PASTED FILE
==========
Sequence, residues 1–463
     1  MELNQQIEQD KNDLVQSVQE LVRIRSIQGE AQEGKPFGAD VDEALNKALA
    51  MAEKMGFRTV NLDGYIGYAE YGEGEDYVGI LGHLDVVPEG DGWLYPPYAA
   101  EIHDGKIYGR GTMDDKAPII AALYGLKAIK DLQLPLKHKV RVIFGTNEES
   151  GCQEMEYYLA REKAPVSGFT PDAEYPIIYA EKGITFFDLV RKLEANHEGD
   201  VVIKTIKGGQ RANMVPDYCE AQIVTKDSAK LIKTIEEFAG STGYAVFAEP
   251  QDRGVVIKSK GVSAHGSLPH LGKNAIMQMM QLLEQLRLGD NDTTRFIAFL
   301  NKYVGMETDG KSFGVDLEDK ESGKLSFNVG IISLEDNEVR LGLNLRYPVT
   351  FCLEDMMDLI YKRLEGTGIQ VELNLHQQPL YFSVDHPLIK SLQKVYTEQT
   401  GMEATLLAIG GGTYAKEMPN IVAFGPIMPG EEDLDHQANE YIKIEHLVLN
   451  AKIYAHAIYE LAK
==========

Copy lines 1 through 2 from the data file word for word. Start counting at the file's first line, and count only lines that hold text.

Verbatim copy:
Sequence, residues 1–463
     1  MELNQQIEQD KNDLVQSVQE LVRIRSIQGE AQEGKPFGAD VDEALNKALA